House of Education: gastric ulcers in Icelandic horses by Nanna Luthersson
On Tuesday Nanna Luthersson presented the findings of her research concerning gastric ulcers in Icelandic horses. According to her, Icelandic horses are a bigger challenge to read than other breeds, because they are more stoic and will not easily show any discomfort. Where other horses will show resistance when girding, are not willing to move or show negative behaviour and problems when eating, Icelandic horses will only stop eating when it’s almost too late to help them.
The main risk factor for gastric ulcers seems to be nutrition; whether it is the amount or the interval, like no food for more than 5 hours.
Many studies focus on thoroughbreds were a staggering 80% suffer from ulcers as stress and workload (working/training for more than 4 days a week) seem to be important risk factors. But studies on the Icelandic horse were hardly available as the scope equipment, needed for research, is very expensive and not even available until recently.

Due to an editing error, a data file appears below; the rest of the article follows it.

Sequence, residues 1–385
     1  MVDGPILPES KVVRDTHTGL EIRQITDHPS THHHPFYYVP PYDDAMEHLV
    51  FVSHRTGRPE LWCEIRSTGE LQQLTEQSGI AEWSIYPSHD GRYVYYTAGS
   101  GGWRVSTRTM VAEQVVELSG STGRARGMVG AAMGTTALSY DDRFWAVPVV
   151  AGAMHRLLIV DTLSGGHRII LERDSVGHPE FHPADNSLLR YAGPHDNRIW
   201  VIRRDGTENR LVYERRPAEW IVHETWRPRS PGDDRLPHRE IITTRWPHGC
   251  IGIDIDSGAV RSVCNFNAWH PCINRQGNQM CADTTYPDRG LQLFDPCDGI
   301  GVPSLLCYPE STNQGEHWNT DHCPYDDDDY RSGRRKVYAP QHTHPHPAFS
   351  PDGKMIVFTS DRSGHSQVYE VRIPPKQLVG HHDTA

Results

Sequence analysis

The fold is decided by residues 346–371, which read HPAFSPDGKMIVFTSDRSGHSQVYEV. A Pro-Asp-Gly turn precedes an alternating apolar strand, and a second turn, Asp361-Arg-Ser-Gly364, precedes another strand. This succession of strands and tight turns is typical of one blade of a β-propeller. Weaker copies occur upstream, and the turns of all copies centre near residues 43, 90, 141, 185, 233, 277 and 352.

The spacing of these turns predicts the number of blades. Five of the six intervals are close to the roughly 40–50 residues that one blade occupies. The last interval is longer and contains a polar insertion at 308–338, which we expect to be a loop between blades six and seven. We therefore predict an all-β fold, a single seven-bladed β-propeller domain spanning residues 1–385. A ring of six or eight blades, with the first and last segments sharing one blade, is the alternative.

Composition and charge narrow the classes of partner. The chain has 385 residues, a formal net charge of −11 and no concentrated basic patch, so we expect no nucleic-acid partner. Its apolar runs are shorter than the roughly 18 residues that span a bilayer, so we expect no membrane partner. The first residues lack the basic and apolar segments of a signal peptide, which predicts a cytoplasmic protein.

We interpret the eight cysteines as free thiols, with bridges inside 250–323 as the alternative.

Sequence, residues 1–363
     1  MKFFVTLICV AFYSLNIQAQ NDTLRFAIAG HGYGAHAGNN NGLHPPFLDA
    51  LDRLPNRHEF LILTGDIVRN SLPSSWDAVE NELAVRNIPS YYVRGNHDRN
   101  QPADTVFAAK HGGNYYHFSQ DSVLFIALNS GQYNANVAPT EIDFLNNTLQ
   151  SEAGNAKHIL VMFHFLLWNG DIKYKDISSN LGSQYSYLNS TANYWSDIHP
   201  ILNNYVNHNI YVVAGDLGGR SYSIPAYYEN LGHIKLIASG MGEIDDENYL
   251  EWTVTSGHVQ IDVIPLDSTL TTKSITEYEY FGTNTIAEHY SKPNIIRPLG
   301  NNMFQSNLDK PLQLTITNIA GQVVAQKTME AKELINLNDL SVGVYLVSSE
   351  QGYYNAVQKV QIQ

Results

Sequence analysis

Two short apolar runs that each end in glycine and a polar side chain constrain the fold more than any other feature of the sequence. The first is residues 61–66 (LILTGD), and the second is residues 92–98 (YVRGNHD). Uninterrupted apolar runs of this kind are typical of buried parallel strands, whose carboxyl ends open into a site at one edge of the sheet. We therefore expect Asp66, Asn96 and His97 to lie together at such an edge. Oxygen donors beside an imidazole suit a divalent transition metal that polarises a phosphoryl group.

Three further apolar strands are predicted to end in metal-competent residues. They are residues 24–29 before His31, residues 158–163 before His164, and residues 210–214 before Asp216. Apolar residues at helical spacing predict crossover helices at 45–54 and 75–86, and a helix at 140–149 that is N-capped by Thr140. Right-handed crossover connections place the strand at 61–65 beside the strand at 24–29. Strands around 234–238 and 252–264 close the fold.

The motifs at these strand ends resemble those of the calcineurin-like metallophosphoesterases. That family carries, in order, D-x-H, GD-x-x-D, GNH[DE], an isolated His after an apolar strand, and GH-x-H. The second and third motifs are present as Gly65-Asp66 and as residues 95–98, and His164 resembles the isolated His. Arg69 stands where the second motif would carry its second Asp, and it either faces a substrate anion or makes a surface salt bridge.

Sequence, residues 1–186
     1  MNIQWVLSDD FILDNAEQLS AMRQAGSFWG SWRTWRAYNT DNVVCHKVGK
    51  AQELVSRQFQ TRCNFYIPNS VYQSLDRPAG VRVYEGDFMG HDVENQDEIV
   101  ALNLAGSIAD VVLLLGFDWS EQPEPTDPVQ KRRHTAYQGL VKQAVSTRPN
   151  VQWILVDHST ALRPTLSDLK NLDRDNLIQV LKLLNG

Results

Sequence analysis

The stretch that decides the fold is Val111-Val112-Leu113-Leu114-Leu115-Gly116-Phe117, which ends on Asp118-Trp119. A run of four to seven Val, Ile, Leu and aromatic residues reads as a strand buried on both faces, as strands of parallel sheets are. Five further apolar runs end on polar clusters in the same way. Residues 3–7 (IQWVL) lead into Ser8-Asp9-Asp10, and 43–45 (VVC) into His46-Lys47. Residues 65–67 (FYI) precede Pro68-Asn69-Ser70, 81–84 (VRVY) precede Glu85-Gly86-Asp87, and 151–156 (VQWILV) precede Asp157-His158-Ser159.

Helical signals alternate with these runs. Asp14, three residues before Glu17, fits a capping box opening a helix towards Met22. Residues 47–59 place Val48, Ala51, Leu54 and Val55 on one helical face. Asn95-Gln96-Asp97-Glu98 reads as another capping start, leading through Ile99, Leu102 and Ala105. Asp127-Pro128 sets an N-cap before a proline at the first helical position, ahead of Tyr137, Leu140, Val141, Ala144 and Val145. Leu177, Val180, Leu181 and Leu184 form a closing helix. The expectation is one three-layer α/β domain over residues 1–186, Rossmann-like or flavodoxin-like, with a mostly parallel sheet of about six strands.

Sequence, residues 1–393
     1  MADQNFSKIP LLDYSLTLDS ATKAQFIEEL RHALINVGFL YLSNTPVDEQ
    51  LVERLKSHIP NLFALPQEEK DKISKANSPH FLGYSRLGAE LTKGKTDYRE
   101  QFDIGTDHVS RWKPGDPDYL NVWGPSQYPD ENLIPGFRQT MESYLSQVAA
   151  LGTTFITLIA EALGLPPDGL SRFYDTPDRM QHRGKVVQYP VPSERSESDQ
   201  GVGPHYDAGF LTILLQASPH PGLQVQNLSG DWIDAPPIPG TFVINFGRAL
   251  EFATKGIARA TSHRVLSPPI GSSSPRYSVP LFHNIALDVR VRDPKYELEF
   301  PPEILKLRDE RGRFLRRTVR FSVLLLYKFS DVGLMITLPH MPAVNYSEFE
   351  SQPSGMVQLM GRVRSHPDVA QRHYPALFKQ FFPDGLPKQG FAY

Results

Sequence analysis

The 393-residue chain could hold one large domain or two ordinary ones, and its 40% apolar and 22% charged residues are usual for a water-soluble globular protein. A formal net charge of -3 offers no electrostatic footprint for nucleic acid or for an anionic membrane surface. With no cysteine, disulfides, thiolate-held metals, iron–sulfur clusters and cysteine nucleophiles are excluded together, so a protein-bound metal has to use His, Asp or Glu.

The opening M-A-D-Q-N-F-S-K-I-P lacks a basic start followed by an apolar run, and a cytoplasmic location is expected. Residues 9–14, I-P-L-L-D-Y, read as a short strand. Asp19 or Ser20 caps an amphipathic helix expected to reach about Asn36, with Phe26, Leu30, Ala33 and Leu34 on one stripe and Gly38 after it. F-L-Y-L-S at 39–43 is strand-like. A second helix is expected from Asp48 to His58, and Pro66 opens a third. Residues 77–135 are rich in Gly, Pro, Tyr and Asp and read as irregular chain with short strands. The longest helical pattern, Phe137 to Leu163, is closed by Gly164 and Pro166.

Nanna, an equine veterinarian, supervised a study in Iceland about the prevalence of gastric ulcers in young Icelandic horses, which showed that on average almost half of the horses in the research were suffering from ulcers. Not just the domestic horses but surprisingly also the feral ones living outside year-round. When these feral young horses were examined after 8 weeks of training the ulcers dropped significantly. Especially with the ones living in a stable instead of outside. The difference with their roaming days as feral horses was that they got fed on a regular basis and were given shelter. Conclusion is that the amount of forage (>1,5% of the horses’ body weight, on average 6 kg) and the feeding times (>3 at least) was beneficial. Being in a stable also helped: being outside in rain stopped horses from eating as they preferred to stand with their hind towards the wind.